• Episodic story of Berlin since 1989 (with some unavoidable discussion of events before that date). Somewhat disjointed, but the same thing could be said of Mark Twain's Life on the Mississippi. The translation from German is sometimes clunky. Definitely worth reading if you are going to be visiting Berlin in the near future. It's definitely one of the most interesting cities in Europe, not always in a good way, but always in a way that invites discussion.


    • I finished about half of this book before a trip to Berlin. The essays I had read were fascinating and while walking around the city, I was able to point out places I had read about and offer my husband interesting bits of history, context, politics, and trivia. Schneider does an excellent job of describing the culture of the city. I’m only just starting to delve into the unique history of Berlin and this was a great starting point.


    • I may not be interested in all topics covered in the book but definitely I have learned a lot about Berlin - history, architecture, people and culture. It surely is a unique place. As I don't really know much about Berlin, I kept referring to Wiki to find out more and it took me some time to finish reading it! If the book included photos of places and people it talks about, it would be a lot more reader-friendly.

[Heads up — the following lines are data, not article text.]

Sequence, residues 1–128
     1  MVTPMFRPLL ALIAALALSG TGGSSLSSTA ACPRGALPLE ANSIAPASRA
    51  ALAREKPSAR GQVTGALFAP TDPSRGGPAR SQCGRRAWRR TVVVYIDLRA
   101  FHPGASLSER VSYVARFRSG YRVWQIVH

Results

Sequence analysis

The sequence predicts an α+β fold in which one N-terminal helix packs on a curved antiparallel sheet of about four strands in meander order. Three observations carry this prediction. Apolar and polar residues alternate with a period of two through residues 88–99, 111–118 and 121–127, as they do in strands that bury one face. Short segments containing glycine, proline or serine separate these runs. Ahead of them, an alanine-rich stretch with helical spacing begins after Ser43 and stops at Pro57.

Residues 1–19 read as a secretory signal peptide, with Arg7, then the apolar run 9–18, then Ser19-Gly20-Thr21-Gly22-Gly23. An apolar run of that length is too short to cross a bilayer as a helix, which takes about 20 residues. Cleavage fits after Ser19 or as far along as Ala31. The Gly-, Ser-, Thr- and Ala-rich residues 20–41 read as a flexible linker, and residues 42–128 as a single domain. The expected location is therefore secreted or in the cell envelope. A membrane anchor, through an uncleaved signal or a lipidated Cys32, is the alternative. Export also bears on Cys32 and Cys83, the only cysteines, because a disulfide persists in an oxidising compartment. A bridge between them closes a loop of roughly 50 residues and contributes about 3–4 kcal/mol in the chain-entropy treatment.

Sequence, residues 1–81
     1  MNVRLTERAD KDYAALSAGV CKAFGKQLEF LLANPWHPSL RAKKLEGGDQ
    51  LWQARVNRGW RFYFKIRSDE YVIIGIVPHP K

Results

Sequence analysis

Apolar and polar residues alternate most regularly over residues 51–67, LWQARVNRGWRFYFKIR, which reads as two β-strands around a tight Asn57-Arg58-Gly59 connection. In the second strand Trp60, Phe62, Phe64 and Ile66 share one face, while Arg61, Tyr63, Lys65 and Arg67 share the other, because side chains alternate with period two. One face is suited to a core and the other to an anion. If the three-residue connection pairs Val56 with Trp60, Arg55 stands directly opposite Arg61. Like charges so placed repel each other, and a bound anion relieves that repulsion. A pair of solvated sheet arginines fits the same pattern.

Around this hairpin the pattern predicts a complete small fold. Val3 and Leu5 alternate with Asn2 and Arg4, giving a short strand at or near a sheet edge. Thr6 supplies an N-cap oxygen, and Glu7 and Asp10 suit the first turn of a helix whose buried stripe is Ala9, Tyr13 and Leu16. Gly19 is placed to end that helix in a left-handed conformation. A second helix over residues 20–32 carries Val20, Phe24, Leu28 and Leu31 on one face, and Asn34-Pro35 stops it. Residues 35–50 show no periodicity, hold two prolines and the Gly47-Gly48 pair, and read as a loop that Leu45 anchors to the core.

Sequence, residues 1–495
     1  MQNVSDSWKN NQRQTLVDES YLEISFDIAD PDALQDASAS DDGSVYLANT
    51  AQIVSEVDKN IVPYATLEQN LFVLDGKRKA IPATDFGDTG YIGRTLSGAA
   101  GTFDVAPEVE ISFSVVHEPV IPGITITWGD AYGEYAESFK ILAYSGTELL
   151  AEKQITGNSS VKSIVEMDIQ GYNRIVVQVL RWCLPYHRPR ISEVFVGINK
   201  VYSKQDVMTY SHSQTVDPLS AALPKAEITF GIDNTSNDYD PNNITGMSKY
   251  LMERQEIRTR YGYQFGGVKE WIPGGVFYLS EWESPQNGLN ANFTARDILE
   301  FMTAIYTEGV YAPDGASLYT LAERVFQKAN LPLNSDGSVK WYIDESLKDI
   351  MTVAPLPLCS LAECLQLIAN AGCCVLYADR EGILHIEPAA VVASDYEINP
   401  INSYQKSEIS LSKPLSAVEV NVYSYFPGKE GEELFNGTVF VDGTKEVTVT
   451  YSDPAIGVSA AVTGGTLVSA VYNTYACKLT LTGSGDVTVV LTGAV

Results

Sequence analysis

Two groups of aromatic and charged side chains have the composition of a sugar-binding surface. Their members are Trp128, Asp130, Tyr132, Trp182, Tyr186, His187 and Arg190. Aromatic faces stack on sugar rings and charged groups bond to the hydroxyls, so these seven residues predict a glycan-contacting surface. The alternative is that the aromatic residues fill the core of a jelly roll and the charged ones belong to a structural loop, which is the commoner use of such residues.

• The most fascinating this about this book is how someone could make a book about Berlin - which is the most wonderful and interesting city - so dull. Pointless prose, leading nowhere, musings with nothing attaching them to paragraphs before or after. When it got to the paragraph beginning 'And what had become of the pigeon plague?' out of nowhere, I was done. Fortunately, that was the second last page of this book. Disappointing.


    • Schneider writes in a readable style but the book as a whole reads more like a compilation of magazine articles. There isn't much coherence to the chapters. It is more like a series of vignettes. Some interesting information, though. Clearly I didn't go to the right night spots on my visit to Berlin. A good reason to go back!


    • Very detailed personal account of Berlin. Some of went right over my head but it's nice to read an insider's account. The experience of being in Berlin post wall however is fascinating, things don't seem to have changed as much as expected.


    • I thought the essays were well written with lots of interesting information. The themes of each chapter segued well into the next. But it would have been helpful if they had included some maps or pictures of the places he was writing about.


    • Amazing readIncredible overview of the history, culture, architecture and people of Berlin. Should absolutely be on more pre-travel reading lists. Author has a great voice and organized the book in a way that allows the reader to select chapters/topics of interest.


    • Great book on the modern history of Berlin. Reads like a textbook in some parts, but the author also injects his personal experiences into it so that it doesn't get too boring. Recommended if you plan to travel to Berlin soon or if you love the city.


    • This book is essential reading for anyone interested in post-reunification Germany, particularly Berlin. Berlin is a favorite city of mine, so I was drawn into the idea of the book. Yet, I learned so much. Great, great read.